Everyone knows that getting enough sleep while being the parent of a newborn is no easy task (impossible for most!). Far fewer of us can imagine those difficulties times two, or three, or even four! We empathize completely and try to do whatever we can to help all families sleep better. So, today we’re sharing 10 bedtime tips for parents of multiples from Cloud b advisors and sleep experts, Natalie Diaz (mother of twins and founder of Twiniversity) and Kim West (aka “The Sleep Lady”). Here are some of their tried and true recommendations.
Advice from Twiniversity:
Routine- You‘ve probably heard this tip from other parents a million times! Why is routine so universally important? Following a predictable pattern before bedtime helps your babies know what is coming next and so they are relaxed and not surprised about bedtime. Ashlee T. says: “My #1 tip is routine, combined with knowing your babies’ signals. Adjust your expectations around how long it’s likely to take, it will all fall into place.” Yes, it will take some time to establish a routine. The key is to have quiet activities prior to bedtime. So dim the lights and turn off the TV about an hour before it’s time for bed. Try reading a story, singing a song or talk about all the good things of the day. Your voice will not only soothe your babies but it will also help you relax to think of all the reasons you have to be thankful for your sweet bundles. Why not try to include some of the following your bedtime routine as well?
White Noise- What is white noise and why do babies like it? White noise is a constant non-rhythmic sound. Think of how easily babies fall asleep in the car. Why does this work? Once a baby’s ears start to develop at 18 weeks gestation, babies hear the constant heartbeat of their mother and twin, among many other things. There is a lot of noise inside the womb. On top of that, babies who have spent some time in the NICU are prone to sleep better with white noise since the NICU is a noisy place. So skip the car ride and bring some white noise into your home to help sooth them to sleep. You can purchase white noise machines or save some money and use things from around the house like a fan (make sure it’s not blowing directly on the babies or is anywhere within baby’s reach), or a humidifier/dehumidifier machine. These can be set just outside the door to their room to be effective. Or you can even download white noise MP3 files off the internet for little or no cost.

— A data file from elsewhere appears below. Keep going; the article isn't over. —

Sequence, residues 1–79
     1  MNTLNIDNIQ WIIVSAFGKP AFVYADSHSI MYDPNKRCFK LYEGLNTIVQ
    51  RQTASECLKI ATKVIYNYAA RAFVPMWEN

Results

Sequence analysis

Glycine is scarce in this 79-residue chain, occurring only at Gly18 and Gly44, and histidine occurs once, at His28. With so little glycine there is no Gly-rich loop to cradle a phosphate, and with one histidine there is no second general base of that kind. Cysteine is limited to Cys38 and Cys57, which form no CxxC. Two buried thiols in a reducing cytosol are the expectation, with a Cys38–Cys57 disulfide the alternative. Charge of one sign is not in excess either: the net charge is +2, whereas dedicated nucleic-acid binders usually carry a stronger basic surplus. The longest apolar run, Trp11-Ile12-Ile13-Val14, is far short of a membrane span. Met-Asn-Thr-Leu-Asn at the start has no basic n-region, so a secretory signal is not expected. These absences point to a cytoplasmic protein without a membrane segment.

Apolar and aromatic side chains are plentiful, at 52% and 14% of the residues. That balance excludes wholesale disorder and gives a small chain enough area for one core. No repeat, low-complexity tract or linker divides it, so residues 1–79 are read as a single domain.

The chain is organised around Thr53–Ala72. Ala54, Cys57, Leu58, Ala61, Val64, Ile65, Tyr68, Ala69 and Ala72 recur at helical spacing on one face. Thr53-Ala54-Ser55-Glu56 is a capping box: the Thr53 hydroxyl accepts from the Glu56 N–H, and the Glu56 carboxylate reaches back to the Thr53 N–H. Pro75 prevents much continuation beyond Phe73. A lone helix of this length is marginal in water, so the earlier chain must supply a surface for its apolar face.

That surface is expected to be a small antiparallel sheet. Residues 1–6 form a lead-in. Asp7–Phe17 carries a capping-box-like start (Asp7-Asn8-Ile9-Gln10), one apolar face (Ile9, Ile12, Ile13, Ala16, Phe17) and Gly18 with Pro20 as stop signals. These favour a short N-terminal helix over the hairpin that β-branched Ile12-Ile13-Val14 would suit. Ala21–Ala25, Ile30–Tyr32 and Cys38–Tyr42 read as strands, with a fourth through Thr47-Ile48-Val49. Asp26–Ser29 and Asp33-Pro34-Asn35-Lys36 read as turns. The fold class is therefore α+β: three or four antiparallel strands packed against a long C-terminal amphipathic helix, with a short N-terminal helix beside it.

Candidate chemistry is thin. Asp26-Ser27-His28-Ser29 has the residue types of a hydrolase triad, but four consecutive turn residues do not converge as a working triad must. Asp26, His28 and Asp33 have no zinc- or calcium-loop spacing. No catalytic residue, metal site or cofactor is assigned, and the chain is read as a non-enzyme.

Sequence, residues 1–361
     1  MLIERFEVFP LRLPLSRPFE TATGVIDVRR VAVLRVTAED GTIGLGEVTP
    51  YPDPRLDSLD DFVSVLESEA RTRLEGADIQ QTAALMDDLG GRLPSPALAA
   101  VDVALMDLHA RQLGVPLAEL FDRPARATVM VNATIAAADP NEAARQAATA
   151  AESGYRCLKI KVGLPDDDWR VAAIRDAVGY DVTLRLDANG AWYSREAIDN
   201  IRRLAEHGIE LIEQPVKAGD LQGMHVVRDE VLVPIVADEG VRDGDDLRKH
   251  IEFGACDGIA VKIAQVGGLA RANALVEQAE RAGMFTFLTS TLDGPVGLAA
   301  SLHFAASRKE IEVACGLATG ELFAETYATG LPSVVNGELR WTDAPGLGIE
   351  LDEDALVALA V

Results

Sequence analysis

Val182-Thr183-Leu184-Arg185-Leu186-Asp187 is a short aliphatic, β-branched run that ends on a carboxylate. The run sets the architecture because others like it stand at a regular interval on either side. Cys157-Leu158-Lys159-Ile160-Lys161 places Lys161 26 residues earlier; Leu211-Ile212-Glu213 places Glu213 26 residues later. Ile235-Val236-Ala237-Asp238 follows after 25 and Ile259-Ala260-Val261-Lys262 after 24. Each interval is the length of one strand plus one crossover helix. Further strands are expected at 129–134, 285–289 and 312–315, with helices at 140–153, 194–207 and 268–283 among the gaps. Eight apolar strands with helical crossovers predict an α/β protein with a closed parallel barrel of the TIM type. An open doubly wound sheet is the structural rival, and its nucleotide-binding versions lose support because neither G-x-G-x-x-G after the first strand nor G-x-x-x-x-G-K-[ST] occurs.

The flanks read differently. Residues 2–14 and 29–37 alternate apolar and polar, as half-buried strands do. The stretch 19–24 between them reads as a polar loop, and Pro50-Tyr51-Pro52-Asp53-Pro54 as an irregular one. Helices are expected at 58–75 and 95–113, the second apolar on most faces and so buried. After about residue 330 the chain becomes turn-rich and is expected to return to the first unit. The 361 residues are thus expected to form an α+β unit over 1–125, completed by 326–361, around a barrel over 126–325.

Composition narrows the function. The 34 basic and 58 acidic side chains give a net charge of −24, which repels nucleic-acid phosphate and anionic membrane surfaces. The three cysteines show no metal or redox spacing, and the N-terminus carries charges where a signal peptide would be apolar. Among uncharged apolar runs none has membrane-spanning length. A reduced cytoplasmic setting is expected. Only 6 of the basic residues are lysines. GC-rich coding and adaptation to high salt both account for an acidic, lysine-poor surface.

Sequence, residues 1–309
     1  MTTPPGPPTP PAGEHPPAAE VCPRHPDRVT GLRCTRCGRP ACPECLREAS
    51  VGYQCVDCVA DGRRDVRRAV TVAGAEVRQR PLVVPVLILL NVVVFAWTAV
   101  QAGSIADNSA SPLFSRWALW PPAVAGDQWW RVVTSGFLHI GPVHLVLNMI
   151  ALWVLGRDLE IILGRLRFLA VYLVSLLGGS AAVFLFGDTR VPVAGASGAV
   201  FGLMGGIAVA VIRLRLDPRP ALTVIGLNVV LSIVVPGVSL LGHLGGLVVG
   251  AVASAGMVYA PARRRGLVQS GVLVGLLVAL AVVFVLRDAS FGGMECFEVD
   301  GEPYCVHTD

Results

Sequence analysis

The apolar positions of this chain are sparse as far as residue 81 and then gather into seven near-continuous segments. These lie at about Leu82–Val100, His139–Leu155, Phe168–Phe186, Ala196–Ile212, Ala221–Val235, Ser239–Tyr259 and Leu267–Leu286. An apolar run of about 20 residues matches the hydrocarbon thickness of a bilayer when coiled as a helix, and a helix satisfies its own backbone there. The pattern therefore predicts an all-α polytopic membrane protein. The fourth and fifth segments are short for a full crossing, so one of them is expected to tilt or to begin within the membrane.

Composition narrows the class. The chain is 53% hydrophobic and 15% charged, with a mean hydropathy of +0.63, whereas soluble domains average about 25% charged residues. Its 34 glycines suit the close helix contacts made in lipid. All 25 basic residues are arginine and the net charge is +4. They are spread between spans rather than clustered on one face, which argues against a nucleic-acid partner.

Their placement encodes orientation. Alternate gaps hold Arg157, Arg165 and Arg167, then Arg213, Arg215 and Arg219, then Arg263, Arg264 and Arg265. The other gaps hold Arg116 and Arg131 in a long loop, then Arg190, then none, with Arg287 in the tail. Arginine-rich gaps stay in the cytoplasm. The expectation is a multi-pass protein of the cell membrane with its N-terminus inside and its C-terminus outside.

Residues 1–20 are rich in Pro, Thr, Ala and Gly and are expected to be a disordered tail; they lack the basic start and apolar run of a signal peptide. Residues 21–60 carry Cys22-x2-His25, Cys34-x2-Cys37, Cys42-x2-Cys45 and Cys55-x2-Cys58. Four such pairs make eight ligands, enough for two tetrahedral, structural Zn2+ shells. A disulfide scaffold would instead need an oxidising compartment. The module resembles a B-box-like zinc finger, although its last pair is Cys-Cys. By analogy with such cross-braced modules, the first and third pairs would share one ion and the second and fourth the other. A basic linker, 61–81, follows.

Have a Full Belly- You know how you always want to take a nap after you eat a big meal? Babies are more prone to drift to sleep on a full tummy as well. And this will help them sleep longer before they wake up for a “midnight” snack. If your babies drink from a bottle, make sure to never let them go to bed with it; this can be damaging to their teeth and health.
Transitional Object- This could be a special blankie (nothing bigger than a small soft cloth with silk edges), stuffed animal, or even a pacifier. Find something that is comforting for your baby. This will be a good object to help them fall back to sleep after a late night feeding, diaper change or if they just wake up scared. Laura W. says “I thought using a lovey/transitional object was a hoax until I tried it. Trust me, it works!”
Consistent Sleeping Arrangement- Every family has sleeping arrangement that works for them. Some choose to co-sleep, others choose to have their twins sleep in the same crib together, other twins sleep in their own cribs or even their own rooms to help promote good sleeping. The key is to have your babies fall asleep where they will stay for the night. This will help them not be frightened if they wake up in a different room than they fell asleep in. If you have them fall asleep in their own crib or room, they will become accustom to putting themselves to sleep rather than having someone to put them to sleep every night. But again every family has their own method of sleeping that works for them.
Swaddle- Why do most infants love swaddling? Swaddling reminds babies of being inside the tight belly of their mother where they had little wiggle room, so no wonder that they love to be wrapped up snug. Make sure you use only light blankets. Make sure the room is not too warm since being wrapped up will keep your baby plenty warm.
Here are 4 more great tips from Kim West, The Sleep Lady:
Be Conscious of Wake Up Times – Try to wake your babies at the same time each morning, or allow them to wake one another to help get them on the same sleep schedule early on. If you find that one baby is consistently waking earlier, you may want to feed him, and then wake the other one. However, be sure that you are waking the babies up within 30 to 45 minutes of each other.